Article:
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We report laboratory experiments on rippled granular surfaces formed under rolling wheels. Ripples appear above a critical speed and drift slowly in the driving direction. Ripples coarsen as they saturate and exhibit ripple creation and destruction events. All of these effects are captured qualitatively by 2D soft-particle simulations in which a disk rolls over smaller disks in a periodic box. The simulations show that compaction and segregation are inessential to the ripple phenomenon. We describe a simplified scaling model which gives some insight into the mechanism of the instability.
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The onset and dynamics of flow in shallow horizontally oscillating granular layers are studied as a function of the depth of the layer and imposed acceleration. Measurements of the flow velocity made from the top and side are presented in the frame of reference of the container. As is also found for avalanches of inclined layers, the thresholds for starting and stopping of flow are slightly different. The variation with depth of the starting acceleration start for the oscillating layer is similar to the corresponding variation of the tangent of the starting angle tanstart for avalanches in the same container at low frequencies, but deviates as the frequency is increased. However, the threshold behavior depends significantly on the measurement protocol. Just above start, the motion decays with time as the material reorganizes over a minute or so, causing the apparent threshold to increase. Furthermore, the rms velocity as a function of acceleration rises more sharply above the starting threshold if the first minute or so of excitation is discarded. Once excited, the rheology of the material is found to vary in time during the cycle in surprising ways. If the maximum inertial force proportional to the container acceleration amplitude is slightly higher than that required to produce flow, the flow velocity grows as soon as the inertial force exceeds zero in each cycle, but jamming occurs long before the inertial force returns to zero. At higher , the motion is fluidlike over the entire cycle. However, the fraction of the cycle during which the layer is mobile is typically far higher than what one would predict from static considerations or the behavior of the inclined layer. Finally, we consider the flow profiles as a function of both the transverse distance across the cell at the free surface and also as a function of the vertical coordinate in the boundary layer near the sidewall. These profiles have time-dependent shapes and are therefore significantly different from profiles previously measured for avalanche flows.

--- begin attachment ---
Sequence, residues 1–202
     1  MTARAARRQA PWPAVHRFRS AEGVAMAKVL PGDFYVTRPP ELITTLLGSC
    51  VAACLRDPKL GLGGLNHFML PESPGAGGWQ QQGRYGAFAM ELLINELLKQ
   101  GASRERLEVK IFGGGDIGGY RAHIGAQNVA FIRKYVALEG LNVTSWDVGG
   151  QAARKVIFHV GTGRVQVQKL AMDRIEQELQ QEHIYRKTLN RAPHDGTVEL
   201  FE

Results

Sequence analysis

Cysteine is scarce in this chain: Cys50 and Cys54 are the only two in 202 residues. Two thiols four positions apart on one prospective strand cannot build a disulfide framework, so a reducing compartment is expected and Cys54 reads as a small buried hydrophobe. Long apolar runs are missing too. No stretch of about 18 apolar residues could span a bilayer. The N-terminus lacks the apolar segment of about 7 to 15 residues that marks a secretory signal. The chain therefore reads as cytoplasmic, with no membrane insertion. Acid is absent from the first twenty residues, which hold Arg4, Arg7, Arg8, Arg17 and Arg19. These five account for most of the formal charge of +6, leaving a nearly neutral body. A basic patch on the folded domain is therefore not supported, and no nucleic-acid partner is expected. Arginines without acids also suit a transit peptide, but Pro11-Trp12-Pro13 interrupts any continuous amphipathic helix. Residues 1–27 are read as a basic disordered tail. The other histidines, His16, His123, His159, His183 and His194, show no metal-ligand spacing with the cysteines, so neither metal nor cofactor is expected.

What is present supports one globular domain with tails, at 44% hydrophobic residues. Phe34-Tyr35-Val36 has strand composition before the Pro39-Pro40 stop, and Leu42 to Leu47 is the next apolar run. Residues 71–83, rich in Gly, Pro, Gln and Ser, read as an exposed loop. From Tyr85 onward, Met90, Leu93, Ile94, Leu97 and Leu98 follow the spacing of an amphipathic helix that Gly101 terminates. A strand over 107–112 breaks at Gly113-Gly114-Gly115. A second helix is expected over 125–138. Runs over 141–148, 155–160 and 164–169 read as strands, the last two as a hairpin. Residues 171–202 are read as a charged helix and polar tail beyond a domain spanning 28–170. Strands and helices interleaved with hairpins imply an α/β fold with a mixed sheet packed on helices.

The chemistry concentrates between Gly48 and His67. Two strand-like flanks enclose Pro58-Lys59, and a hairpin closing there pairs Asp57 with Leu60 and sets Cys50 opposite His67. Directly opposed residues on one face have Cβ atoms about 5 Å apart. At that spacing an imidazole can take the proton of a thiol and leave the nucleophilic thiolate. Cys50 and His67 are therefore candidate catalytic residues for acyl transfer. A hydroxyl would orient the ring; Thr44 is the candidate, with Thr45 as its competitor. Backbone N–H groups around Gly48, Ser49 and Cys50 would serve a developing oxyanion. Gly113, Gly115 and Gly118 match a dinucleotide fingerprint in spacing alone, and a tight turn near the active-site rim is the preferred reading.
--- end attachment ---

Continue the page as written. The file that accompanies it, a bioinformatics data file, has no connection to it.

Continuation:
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Powder snow avalanches are natural hazards which affect the way populations live in mountainous areas. Field measurements from avalanches remain one of the most significant and useful sources of information about their dynamics and behaviour. In this paper we consider all the video data from the Vall\'ee de la Sionne test site from the years 2003 to 2005. General scaling laws are sought for the avalanche front velocity based on plume theories. Avalanche Froude numbers are found, comparing three different length scales: the cube root of the fracture volume, the avalanche height and the depth of entrained snow cover. We discuss the difficulties in defining the volume of a powder snow avalanche. Should we include just the head or also the turbulent wake that extends back to the starting zone? This relates to whether we use a compact model for the avalanche, such as the KSB model \citep{Ancey04,TuMceAn06} or a plume model \citep{Turner73}. Observations are made regarding the lateral spreading behaviour of the avalanches. We show that the slow lateral spreading can be explained by large internal velocities and anisotropic turbulence generated by the large scale motion in the avalanche head.